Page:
the other major accomplishment this week was learning the zemax programming language. it's a lot like most languages so that was pretty easy. i made a little "macro" that told zemax to compute the expected polarization for a bunch of different pointings of the telescope. hoo-freekin-rah. back to greek chaos.

Tuesday, February 07, 2006

Flat-Thing Rooftop

I used to go to the roof of my building a lot to read and play with nunchucks. I think I scared a lot of the faculty. One is convinced that I'm "training an army" to take over the IfA. They lock the door now, but I have a way to get the key! It's a shame that most of them think that everybody should do "science" every day, all day. Science, of course, means processing pictures of galaxies only. Too bad they're uncoordinated, hurt from years of hunching over a computer, fat, and sick all the time. It's amazing how they can be really "smart" by some standards, but don't understand the idea that they need to "maintain" their bodies a bit or bad stuff might happen. Everybody has some "squish" to them, but it's the ones that sneer at you for saying you exercise and claim it's a waste of time that get me. Others will hoark down donughts at morning coffee, but use "nutrasweet" as if the 20 calories in that packet of carcinogen makes up for the 3 deep-fried, sugar coated wheat products they just inhaled......... Personally, I'd rather have a little bit of quality than a heap of crap.

Anyways, here's a picture of me and this "Flat-Thing". My cousin is doing a middle-school project where flat-thing is sent around, has it's picture taken, and sent back. I thought you might like the view from the roof.

Monday, February 06, 2006

Visitors n Circle-Isle

Being in Hawaii, there seems to be a steady stream of visitors. There should be. I like having a network of friends to go visit in interesting places, and think that I should always be open to people coming here. I hate traveling like a tourist - if you only stay in your hotel and go to restaurants, you never really see what life is like there. That's fine if you want to be insulated and isolated, but traveling is a really expensive way to do that. If only I wasn't sharing a 4 bedroom townhouse with 6 people so that more could come stay. I doubt I'll be able to afford more for the next 4 years at least.

Liz's cousins came last weekend and we only had Sunday to hang out. There's a standard route - up the windward coast, around the North Shore, down the middle. I had no idea, but the swell was huge when we got up there.

Liz at Pupukea - I think this is a "Paper-Bark" gum tree - it feels like cork. This tree has to be my favorite on the north shore. It's holding a hill together and "crossing it's legs".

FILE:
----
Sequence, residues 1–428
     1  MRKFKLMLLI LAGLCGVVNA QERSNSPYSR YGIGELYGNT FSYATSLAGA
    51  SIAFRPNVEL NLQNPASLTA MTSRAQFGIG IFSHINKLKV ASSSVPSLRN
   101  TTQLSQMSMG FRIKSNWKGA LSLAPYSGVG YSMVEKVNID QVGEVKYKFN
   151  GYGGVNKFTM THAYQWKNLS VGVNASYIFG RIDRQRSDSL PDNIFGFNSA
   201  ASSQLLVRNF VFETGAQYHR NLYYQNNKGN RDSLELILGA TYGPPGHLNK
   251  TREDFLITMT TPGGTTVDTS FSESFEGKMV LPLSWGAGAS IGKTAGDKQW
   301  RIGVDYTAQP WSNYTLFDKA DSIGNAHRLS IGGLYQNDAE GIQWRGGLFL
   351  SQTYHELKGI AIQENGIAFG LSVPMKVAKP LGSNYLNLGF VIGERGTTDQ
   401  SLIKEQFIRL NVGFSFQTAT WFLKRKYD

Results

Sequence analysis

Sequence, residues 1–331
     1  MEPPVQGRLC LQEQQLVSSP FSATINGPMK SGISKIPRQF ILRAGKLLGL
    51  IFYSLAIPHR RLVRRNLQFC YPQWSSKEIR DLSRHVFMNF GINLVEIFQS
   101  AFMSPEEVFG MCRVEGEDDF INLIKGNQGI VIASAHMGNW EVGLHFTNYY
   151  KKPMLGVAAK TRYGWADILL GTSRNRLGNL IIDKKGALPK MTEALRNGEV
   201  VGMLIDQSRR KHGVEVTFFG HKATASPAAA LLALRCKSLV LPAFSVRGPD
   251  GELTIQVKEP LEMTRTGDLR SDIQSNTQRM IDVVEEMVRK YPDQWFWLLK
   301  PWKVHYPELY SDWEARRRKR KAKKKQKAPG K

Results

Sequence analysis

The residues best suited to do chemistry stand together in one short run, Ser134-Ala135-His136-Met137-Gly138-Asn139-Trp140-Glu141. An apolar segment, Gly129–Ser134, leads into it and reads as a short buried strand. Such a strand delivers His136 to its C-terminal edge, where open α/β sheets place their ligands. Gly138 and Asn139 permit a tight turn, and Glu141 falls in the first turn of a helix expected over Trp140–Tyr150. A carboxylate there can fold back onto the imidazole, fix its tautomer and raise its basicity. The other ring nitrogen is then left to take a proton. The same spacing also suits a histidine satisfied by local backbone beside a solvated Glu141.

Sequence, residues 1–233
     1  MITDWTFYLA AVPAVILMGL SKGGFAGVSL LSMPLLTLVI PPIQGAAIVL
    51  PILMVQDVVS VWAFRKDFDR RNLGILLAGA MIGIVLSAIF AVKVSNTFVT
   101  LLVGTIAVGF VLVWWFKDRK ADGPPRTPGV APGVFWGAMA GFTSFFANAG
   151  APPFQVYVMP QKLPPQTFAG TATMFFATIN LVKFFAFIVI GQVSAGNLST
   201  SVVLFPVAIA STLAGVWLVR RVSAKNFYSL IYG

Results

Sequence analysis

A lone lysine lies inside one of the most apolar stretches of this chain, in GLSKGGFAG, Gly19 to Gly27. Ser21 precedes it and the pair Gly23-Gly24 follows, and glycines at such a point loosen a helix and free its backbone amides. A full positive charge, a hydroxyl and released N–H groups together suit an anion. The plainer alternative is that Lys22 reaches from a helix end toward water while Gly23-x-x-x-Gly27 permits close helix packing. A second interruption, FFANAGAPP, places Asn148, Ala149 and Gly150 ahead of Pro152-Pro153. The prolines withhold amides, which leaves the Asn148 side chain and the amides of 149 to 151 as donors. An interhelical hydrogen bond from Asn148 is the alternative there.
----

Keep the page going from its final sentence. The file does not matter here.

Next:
Surfer (out of focus) at Waimea. Tripple-overhead is enough to break you on the reef pretty good.
Three Tables - where are the tables again? under the foam.....

Liz's cousins - Erin and "Yooper". Both from MI-Tech, now in Minneapolis.

Thursday, February 02, 2006

My first abstract

Apologies for the work crap, but I thought some might be curious about the first thing I've published personally. A small abstract in a little-known conference series - the asia-oceania geosciences society. I'll be going to Singapore in July for this, so that's pretty neat. Here goes.....

Spectral variations in polarization of scattered light are governed by the properties of the scatterers. This makes spectropolarimetry a powerful tool in remote sensing of cometary dust. The wavelength dependence of the polarization is mainly controlled by the composition (through the complex refractive index of the material), the scattering geometry (phase angle), and the size distribution of the dust. We used the new IfA-designed high-resolution spectropolarimeter (R~12000 to 49000, from 540nm to 990nm) mounted on the AEOS 3.7m telescope on Haleakala, Maui to characterize the size and composition of dust grains ejected from the comets. We will present the polarization measurements of comet 9P/Tempel 1 both pre- and post-impact which show a dramatic change in wavelength dependence. The gradient of the degree of polarization was "flat" (4% at 650nm falling to 3% at 950nm) just at impact (6-7UT integration) whereas an hour after impact (7-8UT integration) the gradient changed to "blue" (7% at 650nm falling to 2% at 950nm). This may indicate a high content of low complex refractive index material (e.g. silicate and ices) in the dust released at impact, consistent with other observations (e.g. thermal, spectroscopic).